“Yeah.” Sonny took a deep breath, then laid a hundred down next to his cup. “Thanks for this, Lu,” he told her. “You grew up really good, you know. Your mom—she did good work. I’m glad she’s home.”
“We all are.” Lulu stepped up to Dante’s side. “And I’m glad you’re feeling better,” she told him. “I really am. I hope one day your boys—all of them—get to know the guy I grew up with.”
Sonny left then, ignoring the stares of the people at the tables around him.
Lulu bit her lip. “I’m sorry for the last part,” she told Dante. “I just—he looked so sad—”
“Yeah, I know. I thought it would feel better to turn him away,” Dante murmured. “But it really didn’t.”
Morgan Penthouse: Living Room
Elizabeth was just stepping off the bottom step when Jason came in, followed by Marco and another guard, both of whom had their arms full with boxes and bags.
“What’s going on?” she asked, mystified as Jason kissed her cheek and the guards set down their items. “Hey.”
“Hey. First, I told you were getting a new daytime guard,” he said, nodding to the new guard. “This is Richie. He’ll be on the door and going out with you. Marco’s going back to nights.”
“Oh, good. I know you like that schedule better,” Elizabeth said to Marco. She smiled at Richie. “I probably won’t be going out much with Cameron home, but I hope I won’t be any trouble.”
“None at all, Mrs. Morgan.” Richie flashed her a warm smile, then nodded at Jason. “Is that everything?”
“Yeah, thanks.” Jason closed the door, then turned around to find Elizabeth going through the boxes and bags. “I’m sorry. I went in today, and this was in the office. Apparently, people wanted to give us something for Cameron. Justus had them waituntil Cam was home.”
“That makes sense.” Elizabeth sat down, blinking as she opened the first envelope and took out a thick wad of cash. “Holy crap—”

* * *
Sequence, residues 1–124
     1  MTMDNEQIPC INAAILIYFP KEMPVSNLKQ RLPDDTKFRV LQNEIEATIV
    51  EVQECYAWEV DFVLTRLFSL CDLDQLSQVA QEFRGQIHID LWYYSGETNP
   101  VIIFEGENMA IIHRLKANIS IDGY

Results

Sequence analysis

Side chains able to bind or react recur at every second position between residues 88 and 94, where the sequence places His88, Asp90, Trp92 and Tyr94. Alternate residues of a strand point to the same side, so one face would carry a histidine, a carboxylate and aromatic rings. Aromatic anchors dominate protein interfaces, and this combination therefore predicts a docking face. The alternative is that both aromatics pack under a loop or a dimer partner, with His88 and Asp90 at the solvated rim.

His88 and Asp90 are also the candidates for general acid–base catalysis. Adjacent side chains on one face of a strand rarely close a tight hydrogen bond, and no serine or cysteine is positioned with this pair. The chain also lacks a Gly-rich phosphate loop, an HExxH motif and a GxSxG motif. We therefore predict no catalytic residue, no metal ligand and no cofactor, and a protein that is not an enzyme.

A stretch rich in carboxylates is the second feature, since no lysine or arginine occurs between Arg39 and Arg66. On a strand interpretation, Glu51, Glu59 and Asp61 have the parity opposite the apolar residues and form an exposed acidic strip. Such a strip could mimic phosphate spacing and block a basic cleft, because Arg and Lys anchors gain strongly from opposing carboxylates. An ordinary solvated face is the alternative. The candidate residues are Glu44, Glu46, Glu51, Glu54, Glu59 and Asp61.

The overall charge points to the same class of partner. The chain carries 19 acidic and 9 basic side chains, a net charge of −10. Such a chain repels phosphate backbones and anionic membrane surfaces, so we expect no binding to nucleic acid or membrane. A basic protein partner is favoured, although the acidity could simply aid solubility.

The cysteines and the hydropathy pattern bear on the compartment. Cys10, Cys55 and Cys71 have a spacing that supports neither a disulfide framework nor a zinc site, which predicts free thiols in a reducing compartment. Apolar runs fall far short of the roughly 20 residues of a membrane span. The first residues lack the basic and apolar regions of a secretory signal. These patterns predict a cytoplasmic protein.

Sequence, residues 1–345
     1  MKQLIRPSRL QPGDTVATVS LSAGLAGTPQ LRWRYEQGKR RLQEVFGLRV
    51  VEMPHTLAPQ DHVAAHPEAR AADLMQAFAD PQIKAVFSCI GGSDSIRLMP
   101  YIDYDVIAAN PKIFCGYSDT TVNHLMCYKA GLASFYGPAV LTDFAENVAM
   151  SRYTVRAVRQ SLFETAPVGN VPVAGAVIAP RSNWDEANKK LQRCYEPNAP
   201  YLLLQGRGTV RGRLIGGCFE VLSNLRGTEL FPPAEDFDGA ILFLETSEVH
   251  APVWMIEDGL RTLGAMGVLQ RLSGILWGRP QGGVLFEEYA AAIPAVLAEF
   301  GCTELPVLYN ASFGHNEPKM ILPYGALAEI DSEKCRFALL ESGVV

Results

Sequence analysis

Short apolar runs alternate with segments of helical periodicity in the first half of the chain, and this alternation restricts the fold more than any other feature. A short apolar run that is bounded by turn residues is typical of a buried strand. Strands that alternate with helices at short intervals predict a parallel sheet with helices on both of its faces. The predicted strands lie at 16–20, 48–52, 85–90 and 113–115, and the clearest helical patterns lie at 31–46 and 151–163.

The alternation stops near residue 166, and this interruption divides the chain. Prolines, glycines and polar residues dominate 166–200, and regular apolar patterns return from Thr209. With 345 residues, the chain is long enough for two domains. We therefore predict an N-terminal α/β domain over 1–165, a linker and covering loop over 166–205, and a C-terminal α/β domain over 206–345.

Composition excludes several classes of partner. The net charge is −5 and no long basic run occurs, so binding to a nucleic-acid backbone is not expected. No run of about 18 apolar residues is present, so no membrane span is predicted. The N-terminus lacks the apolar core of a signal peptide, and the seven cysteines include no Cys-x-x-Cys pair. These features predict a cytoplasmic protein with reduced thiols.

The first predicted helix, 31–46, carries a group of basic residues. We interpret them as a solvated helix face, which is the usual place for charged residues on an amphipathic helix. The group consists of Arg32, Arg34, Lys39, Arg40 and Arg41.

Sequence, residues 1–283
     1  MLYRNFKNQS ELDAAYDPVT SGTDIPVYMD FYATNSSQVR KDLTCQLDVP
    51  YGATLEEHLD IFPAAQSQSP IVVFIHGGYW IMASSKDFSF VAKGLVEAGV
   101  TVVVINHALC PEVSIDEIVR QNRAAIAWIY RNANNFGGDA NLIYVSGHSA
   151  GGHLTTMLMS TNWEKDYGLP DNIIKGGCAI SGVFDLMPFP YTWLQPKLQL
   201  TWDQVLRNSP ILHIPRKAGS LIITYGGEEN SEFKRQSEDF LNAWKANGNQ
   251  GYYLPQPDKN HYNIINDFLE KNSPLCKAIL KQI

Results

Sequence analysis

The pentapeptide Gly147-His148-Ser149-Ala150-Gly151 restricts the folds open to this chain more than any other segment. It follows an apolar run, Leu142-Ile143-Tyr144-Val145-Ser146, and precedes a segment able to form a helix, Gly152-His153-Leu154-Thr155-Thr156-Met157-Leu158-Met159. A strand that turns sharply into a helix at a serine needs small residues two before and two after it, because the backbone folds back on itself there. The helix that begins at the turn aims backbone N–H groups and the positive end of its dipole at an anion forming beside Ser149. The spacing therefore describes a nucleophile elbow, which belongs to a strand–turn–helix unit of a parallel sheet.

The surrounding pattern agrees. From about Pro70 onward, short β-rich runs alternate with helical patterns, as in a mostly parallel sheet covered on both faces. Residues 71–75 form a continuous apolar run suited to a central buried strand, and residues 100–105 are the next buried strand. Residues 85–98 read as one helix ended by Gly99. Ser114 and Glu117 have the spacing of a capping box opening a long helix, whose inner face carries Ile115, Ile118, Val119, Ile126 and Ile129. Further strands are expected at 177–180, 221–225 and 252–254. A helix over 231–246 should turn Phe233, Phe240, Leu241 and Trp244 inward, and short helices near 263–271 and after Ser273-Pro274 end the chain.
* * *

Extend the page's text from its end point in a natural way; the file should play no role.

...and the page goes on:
“Yeah, uh—” Jason hung up his coat, then crossed to her. “Look, if you don’t want any of this, then I’ll have them send it back—”
“No, no. Bernie said before the wedding this kind of thing helped. I actually just sent a card off to that guy in Baltimore,” Elizabeth told him. “His daughter is getting married, Bernie told me. So I wrote them a card and he said he’d put in some money.” Her eyes continued to widen as she counted the money. “I guess my idea of some money and his are very different.”
“You shouldn’t be worrying about any of that right now,” Jason said with a scowl. “How long has Bernie been bringing this kind of thing to you?” And Baltimore? Which guy in Baltimore? Had Elizabeth been asked to send congratulations to one of the assholes who’d helped Zacchara?
“Since the wedding. Carly used to do this stuff,” she continued. “She told me that. She helped me write the cards. Benny used to bring it to her before he died—” Elizabeth frowned at him. “You didn’t know that?”
“No, I—” Jason leaned back. “Benny brought it up once. When I was with Robin, after Sonny left. But I turned him down. Robin wouldn’t have been interested. I didn’t—” He shook his head. “I didn’t think about it.”
“Oh. I thought you—well, anyway, it’s like an hour a week. Plus—” Elizabeth shrugged. “I don’t get to do a lot to help you with the job. And I don’t want to,” she added when he frowned. “But it seems like an easy thing to do to keep peace. Or at least humanize all of us. Bernie was telling me that everyone wants to do more to contain collateral damage. Except for Anthony Zacchara. I heard what he did to that guy’s wife.” She shuddered, then continued going through the cards.